Modeling BMP’s in Sensitive Areas with xpswmm - King’s Beach Watershed Improvement Project - Case Study
Located on the border of California and Nevada, Lake Tahoe (the Lake) is the largest alpine lake in North America. It is known for its scenic beauty and outstanding lake clarity. However, the clarity of the Lake has been declining since the mid-1960s because of the deposition of fine particles and nutrients from urban runoff and the growth of aquatic organisms that feed off the nutrients in the runoff (U.C. Davis, 2010). A program to restore the clarity of Lake Tahoe has been initiated and involves the development of numerous projects to control the quality of runoff entering the Lake.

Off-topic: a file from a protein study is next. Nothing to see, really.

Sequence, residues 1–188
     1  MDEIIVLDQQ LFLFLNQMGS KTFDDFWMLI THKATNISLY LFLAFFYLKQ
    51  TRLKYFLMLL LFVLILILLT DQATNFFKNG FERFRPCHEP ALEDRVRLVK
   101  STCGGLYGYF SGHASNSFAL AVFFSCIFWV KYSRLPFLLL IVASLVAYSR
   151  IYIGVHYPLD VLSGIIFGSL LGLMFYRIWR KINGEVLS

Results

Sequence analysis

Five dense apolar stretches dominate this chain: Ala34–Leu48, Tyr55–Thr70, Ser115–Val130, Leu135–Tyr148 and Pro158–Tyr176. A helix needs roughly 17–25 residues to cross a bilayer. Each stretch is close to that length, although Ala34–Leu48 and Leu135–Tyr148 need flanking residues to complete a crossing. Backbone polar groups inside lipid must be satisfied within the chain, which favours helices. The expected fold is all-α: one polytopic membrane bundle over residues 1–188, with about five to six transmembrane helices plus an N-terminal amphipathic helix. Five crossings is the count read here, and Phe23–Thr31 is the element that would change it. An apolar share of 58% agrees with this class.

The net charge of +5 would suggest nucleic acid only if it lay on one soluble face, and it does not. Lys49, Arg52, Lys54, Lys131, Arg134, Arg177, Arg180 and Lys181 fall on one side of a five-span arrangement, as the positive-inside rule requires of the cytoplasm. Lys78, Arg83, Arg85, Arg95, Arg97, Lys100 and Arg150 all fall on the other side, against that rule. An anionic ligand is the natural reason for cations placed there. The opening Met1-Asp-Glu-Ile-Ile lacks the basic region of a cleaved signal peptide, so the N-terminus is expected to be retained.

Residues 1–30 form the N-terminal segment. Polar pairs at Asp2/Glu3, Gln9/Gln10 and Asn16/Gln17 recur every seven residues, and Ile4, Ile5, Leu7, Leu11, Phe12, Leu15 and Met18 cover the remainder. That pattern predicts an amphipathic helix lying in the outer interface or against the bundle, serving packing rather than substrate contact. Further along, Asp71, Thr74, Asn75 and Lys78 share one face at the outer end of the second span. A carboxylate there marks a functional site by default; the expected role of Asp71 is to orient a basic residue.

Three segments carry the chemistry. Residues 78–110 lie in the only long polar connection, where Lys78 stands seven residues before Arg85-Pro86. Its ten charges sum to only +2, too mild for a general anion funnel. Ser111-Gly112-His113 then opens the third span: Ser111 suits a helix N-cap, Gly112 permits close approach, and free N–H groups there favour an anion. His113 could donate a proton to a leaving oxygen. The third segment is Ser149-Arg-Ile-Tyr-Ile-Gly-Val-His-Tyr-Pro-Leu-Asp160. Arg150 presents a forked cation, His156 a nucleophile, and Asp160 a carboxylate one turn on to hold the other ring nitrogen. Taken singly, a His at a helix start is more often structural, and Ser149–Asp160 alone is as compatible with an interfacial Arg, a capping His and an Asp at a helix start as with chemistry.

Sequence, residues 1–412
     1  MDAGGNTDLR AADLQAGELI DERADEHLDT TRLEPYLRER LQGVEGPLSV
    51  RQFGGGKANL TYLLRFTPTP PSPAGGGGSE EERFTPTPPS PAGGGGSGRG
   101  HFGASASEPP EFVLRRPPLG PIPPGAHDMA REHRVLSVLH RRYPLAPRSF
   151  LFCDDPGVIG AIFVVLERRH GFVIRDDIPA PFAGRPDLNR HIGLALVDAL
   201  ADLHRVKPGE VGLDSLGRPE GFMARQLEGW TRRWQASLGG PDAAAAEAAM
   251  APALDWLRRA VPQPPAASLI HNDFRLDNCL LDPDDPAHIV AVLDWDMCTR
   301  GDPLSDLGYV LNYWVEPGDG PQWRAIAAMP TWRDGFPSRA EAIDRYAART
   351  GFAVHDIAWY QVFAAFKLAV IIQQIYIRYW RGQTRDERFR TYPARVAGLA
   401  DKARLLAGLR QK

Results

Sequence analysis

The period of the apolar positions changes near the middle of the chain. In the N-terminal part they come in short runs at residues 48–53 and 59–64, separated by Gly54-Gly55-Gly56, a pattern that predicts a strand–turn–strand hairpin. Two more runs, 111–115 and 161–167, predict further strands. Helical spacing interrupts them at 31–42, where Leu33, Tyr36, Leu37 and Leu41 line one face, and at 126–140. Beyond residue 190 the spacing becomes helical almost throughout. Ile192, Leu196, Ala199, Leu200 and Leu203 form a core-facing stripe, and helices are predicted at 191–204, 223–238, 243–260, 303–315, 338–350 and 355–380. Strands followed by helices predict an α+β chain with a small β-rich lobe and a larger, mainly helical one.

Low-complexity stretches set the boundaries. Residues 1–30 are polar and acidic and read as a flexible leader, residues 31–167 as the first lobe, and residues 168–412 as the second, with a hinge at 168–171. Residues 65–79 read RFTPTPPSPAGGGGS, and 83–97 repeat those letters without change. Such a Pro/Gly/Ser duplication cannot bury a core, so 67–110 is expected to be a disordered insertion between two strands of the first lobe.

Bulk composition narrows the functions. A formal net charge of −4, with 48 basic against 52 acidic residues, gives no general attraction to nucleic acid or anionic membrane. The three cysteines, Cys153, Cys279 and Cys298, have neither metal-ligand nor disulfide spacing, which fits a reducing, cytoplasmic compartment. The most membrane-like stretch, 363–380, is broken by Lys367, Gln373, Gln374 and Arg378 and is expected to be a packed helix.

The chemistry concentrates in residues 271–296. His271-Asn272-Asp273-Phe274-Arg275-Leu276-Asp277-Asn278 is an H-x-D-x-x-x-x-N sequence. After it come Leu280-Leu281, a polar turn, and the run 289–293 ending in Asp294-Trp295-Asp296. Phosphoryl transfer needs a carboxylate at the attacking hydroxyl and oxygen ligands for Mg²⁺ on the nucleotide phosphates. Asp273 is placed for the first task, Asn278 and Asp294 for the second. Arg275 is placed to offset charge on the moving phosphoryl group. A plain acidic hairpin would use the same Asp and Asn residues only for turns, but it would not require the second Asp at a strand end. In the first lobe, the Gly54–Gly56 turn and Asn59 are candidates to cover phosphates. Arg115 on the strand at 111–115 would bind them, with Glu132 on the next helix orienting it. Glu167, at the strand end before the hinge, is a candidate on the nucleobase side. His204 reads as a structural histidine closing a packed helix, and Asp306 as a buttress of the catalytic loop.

One such project is the Kings Beach Watershed Improvement Project (WIP). The WIP includes a planning-level process that analyzes runoff patterns in the Kings Beach community at the north end of Lake Tahoe and proposes methods to treat runoff generated in the community before it reaches Lake Tahoe. Methods to collect, control, and treat Kings Beach runoff include the installation of detention basins, infiltration galleries, rock bowls, porous pavement, sediment traps, sediment vaults, and advanced treatment filter vaults connected by a network of pipes and rock and grass-lined channels that will eventually outfall into Lake Tahoe.